• Study Skills Workshop, 7 p.m., Student Center, Illinois Room. Get proven ideas for improving your study habits, retaining information and focusing on academics from a trained counselor from the Student Health Center.
• Free Bowling and Billiards, 9-11 p.m., Student Center’s Bowling and Billiards. Spend the evening in games with the women of Sigma Lambda Gamma sorority.
• 10th annual Unity Dinner, 7 p.m., Newman Center, 715 S. Washington St. A celebration of all cultures, promoting unity among all, the evening includes speakers, entertainment and free food from different cultures courtesy of Delta Phi Mu sorority members. Participants should wear professional attire.
Along with the many special Latino Heritage Month activities at SIUC, you can enjoy correlating programming on WSIU TV. Check it out at http://www.wsiu.org/.
“I believe Latino Heritage Month is an enlightening way for students on campus as well as the Carbondale community to explore and learn about the Latin culture. I also think it encourages and promotes teamwork among SIUC’s various student organizations for the planning and execution of such an exciting festivity. The celebration of Latino heritage is an invaluable contribution to the diverse community of Southern Illinois University,” said Tai Gibson, an accounting graduate student from Bowling Green, Ky.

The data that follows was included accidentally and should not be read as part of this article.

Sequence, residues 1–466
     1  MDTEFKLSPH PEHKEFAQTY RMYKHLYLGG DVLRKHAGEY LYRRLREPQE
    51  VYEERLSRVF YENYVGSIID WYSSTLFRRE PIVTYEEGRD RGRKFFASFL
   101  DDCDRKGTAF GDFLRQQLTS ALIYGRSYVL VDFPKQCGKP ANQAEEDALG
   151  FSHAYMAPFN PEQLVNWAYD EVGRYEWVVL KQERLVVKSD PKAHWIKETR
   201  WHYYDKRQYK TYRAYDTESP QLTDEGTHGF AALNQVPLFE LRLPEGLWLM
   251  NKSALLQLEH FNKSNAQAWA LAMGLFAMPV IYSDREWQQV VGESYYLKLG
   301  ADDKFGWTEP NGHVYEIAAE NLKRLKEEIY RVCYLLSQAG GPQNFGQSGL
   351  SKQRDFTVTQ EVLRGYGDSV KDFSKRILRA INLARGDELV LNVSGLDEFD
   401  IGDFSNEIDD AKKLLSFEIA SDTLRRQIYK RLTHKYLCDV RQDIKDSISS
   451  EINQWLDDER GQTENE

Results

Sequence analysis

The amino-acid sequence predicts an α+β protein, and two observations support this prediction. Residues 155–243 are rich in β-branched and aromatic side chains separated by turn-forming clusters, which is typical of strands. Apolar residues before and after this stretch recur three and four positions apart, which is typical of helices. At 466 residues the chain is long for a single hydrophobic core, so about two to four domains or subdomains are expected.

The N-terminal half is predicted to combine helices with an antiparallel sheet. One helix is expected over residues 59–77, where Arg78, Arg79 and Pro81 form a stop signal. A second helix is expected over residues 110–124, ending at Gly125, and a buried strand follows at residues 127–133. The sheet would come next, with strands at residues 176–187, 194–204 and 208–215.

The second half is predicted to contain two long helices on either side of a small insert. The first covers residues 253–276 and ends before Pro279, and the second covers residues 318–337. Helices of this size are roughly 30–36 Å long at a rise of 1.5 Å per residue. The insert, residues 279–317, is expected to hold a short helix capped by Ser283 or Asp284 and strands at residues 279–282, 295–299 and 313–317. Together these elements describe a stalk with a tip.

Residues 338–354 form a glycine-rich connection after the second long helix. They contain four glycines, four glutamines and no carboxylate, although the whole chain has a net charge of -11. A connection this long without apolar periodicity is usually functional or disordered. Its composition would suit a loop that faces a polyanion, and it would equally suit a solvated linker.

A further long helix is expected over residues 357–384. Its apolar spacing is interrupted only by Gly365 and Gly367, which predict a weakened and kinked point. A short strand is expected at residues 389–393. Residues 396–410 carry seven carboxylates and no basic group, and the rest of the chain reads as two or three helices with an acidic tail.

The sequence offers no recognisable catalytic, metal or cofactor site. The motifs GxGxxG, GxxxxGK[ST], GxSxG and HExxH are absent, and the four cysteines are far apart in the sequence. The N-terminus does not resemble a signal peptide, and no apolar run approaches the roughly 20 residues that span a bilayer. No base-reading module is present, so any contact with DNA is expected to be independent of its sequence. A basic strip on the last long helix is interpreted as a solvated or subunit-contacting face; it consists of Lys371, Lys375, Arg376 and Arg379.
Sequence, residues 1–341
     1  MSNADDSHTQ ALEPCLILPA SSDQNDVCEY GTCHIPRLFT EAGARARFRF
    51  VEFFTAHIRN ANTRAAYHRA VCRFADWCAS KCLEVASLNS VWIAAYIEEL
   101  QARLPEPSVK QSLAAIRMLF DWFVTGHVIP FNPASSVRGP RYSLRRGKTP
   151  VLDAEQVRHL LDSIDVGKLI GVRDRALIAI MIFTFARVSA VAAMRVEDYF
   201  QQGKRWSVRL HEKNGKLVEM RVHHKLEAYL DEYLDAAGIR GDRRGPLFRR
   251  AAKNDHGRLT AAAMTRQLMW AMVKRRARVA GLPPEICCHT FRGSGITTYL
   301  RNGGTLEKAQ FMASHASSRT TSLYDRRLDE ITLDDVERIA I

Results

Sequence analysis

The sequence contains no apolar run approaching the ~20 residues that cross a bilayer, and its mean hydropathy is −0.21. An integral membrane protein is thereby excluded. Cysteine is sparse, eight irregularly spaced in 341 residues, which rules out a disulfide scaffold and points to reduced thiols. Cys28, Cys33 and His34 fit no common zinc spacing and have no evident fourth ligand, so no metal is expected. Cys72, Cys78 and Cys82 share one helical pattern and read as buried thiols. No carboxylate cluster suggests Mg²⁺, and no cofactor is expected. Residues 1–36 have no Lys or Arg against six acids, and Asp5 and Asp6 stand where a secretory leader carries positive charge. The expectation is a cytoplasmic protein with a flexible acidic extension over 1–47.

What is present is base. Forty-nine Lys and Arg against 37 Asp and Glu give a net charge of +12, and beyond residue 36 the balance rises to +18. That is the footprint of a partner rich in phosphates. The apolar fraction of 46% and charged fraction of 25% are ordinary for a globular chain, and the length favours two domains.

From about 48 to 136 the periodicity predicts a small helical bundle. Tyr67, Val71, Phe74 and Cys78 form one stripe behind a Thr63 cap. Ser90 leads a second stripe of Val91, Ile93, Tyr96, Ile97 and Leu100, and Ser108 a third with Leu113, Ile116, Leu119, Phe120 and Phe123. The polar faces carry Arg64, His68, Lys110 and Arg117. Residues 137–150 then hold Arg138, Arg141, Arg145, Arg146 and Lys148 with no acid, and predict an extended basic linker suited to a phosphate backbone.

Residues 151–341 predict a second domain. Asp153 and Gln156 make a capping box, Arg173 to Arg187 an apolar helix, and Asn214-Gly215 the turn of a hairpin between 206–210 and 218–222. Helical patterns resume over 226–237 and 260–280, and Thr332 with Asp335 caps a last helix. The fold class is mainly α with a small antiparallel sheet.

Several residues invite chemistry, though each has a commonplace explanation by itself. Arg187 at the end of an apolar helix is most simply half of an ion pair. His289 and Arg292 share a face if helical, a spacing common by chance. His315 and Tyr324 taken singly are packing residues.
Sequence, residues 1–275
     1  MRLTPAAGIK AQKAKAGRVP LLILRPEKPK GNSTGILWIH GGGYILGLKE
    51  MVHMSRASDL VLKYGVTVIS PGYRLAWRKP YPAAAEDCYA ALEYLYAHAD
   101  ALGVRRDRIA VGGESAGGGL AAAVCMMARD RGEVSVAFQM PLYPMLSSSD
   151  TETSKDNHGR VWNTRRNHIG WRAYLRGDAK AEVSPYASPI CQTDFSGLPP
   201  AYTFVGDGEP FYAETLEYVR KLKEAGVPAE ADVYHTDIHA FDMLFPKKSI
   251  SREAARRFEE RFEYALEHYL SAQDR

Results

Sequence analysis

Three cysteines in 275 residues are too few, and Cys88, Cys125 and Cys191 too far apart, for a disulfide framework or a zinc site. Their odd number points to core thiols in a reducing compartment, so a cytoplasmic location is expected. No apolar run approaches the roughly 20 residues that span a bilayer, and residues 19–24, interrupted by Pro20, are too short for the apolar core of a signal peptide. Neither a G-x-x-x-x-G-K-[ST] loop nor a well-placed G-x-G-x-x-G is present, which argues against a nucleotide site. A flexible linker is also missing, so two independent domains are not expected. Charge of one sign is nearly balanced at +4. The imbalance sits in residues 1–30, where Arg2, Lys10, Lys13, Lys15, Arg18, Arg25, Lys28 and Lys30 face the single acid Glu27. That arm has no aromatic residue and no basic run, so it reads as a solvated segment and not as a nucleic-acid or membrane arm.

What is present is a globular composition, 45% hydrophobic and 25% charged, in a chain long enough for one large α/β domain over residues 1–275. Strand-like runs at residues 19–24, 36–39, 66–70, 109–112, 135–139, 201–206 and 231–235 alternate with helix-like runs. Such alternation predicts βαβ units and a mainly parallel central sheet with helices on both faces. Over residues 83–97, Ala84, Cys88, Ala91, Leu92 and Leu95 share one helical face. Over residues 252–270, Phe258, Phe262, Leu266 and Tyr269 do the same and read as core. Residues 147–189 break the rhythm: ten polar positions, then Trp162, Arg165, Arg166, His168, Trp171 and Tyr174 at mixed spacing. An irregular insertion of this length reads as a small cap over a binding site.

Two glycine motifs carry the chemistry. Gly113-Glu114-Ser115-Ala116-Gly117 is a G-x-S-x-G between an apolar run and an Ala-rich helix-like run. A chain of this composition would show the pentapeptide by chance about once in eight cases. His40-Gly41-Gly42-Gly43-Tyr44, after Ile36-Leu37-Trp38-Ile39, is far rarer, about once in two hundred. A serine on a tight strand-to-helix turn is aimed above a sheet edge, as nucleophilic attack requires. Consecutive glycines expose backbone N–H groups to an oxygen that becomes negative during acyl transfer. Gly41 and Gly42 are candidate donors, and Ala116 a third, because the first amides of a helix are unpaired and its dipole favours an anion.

The sponsors of SIUC’s Latino Heritage Month include: Student Development-Multicultural Programs and Services, Hispanic Student Council, Delta Phi Mu sorority, Sigma Lambda Gamma sorority, Omega Delta Phi fraternity, Society of Hispanic Professional Engineers, Latin American Student Association, Black Togetherness Organization, Student Center Craft Shop, Student Center Special Programs and Center Events, Paul Simon Public Policy Institute, Department of Workforce Education and Development, Career Services, U.S. Navy, Residence Hall Association, SIUC Men’s Soccer Club and Student Health Center-Wellness.